LAS VEGAS—We're going to see a lot of weird phones at CES this year. Just you wait. The weirdest phone so far, though, is from some folks who are smart enough to know that they probably shouldn't be making a phone.
The Graalphone is the brainchild of Raoul Parienti, a French serial entrepreneur with more than 100 patents. He invented an electric car-sharing scheme used in France, the NFC card that Parisian suburbanites use to pay their train fares, and a bunch of other things.
The Graalphone is a very small, touch-screen Android smartphone that slides into a "sleeve" with a 7-inch glasses-free 3D screen. The screen on the sleeve in turn slides up to reveal a full hardware keyboard. The tiny phone would have a Qualcomm processor, while the sleeve would have an Intel Atom and be able to run Windows 10. The two parts would share storage and connectivity.
The phone itself has a camera; slide it into the sleeve and you get a second camera with a Xenon flash and 5x optical zoom, and the two cameras can then combine to make a 3D camera.
The mockup that they have right now is loose and nonfunctional. Nothing turns on, the screen is floppy, and the keyboard is mushy. Mostly, it exists to show off the form factory and the modularity idea. If the little smartphone component is really as small as it looks in the mockup, it'll be the smallest, sleekest thing available. But considering that Graalphone said it wants to pack in a 3000mAh battery, I can't see how that would work in the tiny form factor it has proposed. The chunky ultra-mobile-PC-like tablet fits into a jacket pocket; it's about the thickness of a paperback book.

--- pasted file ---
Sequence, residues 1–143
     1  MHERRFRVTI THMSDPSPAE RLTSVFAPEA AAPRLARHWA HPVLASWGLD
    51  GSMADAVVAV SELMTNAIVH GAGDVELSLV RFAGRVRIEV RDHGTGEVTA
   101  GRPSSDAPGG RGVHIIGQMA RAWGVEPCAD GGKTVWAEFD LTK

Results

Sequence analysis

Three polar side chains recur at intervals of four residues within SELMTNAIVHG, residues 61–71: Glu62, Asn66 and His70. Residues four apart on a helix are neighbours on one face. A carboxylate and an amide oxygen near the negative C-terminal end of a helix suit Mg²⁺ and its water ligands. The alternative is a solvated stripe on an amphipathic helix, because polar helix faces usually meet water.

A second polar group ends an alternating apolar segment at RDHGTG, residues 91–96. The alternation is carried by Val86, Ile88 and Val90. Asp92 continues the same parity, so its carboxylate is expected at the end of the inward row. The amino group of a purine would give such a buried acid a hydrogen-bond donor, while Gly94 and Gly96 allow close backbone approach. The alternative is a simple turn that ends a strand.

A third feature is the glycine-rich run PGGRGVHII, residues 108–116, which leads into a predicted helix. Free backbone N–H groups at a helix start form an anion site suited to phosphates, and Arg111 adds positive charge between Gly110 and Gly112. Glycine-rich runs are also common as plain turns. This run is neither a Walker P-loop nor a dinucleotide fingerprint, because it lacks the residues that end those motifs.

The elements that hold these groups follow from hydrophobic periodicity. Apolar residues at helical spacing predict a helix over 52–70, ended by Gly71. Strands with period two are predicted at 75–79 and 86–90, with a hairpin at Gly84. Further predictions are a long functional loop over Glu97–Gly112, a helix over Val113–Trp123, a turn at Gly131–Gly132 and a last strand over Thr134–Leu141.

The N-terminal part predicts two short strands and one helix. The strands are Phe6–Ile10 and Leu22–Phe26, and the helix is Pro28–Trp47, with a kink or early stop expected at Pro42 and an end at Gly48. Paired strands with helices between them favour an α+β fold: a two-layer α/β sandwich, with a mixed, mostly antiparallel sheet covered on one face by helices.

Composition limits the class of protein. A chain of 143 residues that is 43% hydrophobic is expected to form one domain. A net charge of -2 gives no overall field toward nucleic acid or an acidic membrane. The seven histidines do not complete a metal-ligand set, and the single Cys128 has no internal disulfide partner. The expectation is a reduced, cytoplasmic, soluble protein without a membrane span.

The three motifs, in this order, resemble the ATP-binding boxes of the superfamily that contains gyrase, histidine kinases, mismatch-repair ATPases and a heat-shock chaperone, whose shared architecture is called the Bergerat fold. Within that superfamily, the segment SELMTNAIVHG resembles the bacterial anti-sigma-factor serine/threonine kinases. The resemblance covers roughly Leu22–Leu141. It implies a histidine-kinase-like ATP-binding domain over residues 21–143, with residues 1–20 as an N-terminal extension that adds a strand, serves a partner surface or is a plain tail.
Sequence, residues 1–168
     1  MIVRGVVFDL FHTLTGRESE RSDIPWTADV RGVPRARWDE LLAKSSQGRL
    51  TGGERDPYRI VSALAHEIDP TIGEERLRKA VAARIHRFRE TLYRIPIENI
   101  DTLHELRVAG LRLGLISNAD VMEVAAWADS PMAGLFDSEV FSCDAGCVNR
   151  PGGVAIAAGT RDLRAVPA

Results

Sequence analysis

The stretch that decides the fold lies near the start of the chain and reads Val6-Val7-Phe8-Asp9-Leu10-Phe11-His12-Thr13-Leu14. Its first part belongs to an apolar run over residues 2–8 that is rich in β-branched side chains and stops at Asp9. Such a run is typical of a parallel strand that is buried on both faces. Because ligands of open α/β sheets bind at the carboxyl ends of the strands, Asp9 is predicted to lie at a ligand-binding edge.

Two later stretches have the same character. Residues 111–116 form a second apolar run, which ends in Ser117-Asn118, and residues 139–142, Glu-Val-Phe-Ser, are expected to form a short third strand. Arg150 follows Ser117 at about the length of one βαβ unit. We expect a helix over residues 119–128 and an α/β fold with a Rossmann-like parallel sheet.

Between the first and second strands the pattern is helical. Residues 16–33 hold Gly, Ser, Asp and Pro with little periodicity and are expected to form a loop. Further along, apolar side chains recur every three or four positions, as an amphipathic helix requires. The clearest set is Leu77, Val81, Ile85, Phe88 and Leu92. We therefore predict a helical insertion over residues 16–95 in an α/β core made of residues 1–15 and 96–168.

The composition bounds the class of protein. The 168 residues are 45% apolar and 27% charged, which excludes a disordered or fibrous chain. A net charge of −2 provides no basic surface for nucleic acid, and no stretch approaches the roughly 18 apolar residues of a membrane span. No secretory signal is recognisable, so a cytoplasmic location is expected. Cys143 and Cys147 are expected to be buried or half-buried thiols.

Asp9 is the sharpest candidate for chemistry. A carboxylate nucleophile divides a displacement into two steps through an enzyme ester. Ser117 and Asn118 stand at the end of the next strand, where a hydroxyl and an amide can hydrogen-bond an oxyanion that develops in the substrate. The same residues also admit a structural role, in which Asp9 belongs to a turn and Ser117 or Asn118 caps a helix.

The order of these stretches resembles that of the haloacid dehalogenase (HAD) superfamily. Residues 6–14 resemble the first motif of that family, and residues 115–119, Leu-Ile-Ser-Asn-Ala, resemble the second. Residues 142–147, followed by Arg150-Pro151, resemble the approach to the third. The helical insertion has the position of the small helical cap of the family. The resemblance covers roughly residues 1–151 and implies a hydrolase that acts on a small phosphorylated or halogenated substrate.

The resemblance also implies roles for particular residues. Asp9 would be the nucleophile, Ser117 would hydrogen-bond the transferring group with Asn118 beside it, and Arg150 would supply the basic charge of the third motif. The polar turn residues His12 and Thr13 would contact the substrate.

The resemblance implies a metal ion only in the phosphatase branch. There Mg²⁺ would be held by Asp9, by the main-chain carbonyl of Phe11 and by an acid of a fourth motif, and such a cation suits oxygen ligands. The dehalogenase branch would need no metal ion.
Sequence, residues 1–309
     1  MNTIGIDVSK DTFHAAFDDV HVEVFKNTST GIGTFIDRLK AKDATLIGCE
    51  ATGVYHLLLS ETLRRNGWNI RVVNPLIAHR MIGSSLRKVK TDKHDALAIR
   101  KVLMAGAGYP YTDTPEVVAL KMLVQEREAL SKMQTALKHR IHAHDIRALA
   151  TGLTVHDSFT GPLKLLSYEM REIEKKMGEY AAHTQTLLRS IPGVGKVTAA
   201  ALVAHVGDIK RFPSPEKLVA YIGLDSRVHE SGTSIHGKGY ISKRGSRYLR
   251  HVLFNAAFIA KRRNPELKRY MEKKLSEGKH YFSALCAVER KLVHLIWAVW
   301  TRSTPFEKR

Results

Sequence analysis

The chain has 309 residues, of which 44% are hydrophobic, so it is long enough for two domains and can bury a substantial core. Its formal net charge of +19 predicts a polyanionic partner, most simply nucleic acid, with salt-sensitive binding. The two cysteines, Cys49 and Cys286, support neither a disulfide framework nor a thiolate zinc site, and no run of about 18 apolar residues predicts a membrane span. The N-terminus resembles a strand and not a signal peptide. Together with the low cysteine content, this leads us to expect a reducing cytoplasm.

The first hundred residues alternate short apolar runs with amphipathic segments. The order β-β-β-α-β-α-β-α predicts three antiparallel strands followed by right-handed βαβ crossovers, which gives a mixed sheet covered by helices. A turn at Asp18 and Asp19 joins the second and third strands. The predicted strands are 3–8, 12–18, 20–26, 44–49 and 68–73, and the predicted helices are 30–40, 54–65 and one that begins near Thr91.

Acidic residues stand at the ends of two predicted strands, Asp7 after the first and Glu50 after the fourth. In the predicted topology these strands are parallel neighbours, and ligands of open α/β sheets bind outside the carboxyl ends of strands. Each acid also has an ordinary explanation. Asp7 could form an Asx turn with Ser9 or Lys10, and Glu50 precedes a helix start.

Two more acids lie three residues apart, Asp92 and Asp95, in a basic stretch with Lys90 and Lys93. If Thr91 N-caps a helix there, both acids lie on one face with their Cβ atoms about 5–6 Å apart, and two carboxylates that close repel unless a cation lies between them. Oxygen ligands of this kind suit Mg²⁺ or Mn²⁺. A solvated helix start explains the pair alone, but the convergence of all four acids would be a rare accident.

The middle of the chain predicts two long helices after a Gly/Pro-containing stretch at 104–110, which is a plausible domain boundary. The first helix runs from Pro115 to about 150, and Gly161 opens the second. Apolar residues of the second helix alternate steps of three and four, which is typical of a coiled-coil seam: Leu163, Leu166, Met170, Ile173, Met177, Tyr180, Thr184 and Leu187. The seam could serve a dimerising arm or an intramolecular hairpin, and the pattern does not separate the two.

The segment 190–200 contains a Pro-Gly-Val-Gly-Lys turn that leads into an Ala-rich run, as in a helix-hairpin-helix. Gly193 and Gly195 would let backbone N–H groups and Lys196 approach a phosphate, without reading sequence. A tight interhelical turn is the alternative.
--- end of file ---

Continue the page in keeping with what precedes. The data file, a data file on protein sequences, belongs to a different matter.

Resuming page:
Graalphone's website makes it look like this is a done deal and it's coming in late 2017, but as I talked to Parienti, I realized it's more of a starting point for negotiation. When I mentioned that Microsoft will be able to run Windows 10 on Qualcomm 835 processors, for instance, he was willing to consider tossing out the Atom. The same goes for all the specs: the 4GB of RAM, 256GB of storage, everything. The Graalphone is less about the details than the idea behind it.
You see, Parienti said they're not trying to manufacture this themselves. They're trying to sell the idea to a big phone maker, which would take this most recent iteration of the modular phone concept and pull it forward, the way Google partnered with Phonebloks for the Project Ara modular phone idea.
I'm skeptical about the Graalphone's appeal because I've seen how a lot of its component ideas have failed in the past. There was a fad for autostereoscopic 3D screens and 3D cameras on phones in 2011-2012, with devices like the LG Thrill 4G and HTC Evo 3D. They foundered, like 3D TVs did, on poor viewability and a lack of compatible content.
Similarly, we've seen this PC form factor before, as far back as the OQO and the ultra-mobile-PC fad of about 10 years ago. A phone with a tablet "sleeve" has been tried, too, first with Modu, then the Asus Padfone/Fonepad. None of those things made a big splash in the market.
But the Graalphone may be different because it's not the phone itself, but the idea behind the phone that matters. "Some company like Huawei or like Sony will show interest in this product because there is nothing on the market [like it,]" Parienti said.